But Ukraine’s huge agricultural production has become a problem for EU farmers and has led to protests and blockades, particularly in Poland.

“Our competitiveness, our energy to survive whatever it takes, creates fears among established EU farmers,” Taras Kachka, Ukraine’s deputy economy minister, said at the Saturday conference in Kyiv. “Our bet is that despite all the challenges we now face we will integrate into the EU market.”

Ukrainians have questions

On the anniversary of Putin’s aggression, however, uncertainty and irritation were undisguised in Kyiv. Ukrainians wanted to know why Western sanctions on Russia are not working, and why Moscow keeps getting components for its missiles from Western companies. Why Ukrainians have to keep asking for weapons; and why the U.S. is not pushing through the crucial new aid package for Ukraine.

“We are very grateful for the support of the United States, but unfortunately, when I turn to the Democrats for support, they tell me to go to the Republicans. And the Republicans say to go to the Democrats,” Ukrainian MP Oleksandra Ustinova said at a separate Kyiv conference on Saturday. “We are grateful for the European support, but we cannot win without the USA. We need the supply of anti-aircraft defenses and continued assistance.”

“Why don’t you give us what we ask for? Our priorities are air defense and missiles. We need long-range missiles,” Ustinova added.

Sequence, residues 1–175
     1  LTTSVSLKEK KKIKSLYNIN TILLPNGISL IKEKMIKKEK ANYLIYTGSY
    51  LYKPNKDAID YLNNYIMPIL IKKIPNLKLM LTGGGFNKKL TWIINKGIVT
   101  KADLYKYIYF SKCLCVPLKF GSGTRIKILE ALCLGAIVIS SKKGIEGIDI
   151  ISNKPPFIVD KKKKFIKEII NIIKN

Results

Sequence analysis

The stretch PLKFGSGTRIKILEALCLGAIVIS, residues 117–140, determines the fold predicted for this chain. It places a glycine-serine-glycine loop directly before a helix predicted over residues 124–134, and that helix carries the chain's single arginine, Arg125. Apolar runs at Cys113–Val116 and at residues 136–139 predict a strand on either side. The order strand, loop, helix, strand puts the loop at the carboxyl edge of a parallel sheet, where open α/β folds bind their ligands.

U.S. Congressman Jim Costa explained to the conference that Americans, and even members of Congress, still need to be educated on how the war in Ukraine affects them and why a Ukrainian victory is in America’s best interests.

“I believe that we must, and that is why we will decide on an additional aid package for Ukraine. It is difficult and unattractive. But I believe that over the next few weeks, the US response will be a beacon to protect our security and democratic values,” Costa said.

The West is afraid of Russia, Oleksiy Danilov, Ukraine’s security and defense council secretary, told the Saturday conference.

 “The West does not know what to do with Russia and therefore it does not allow us to win. Russians constantly blackmail and intimidate the West. However, if you are afraid of a dog, it will bite you,” he said.

“And now you are losing not only to autocratic Russia but also to the rest of the autocracies in the world,” Danilov added.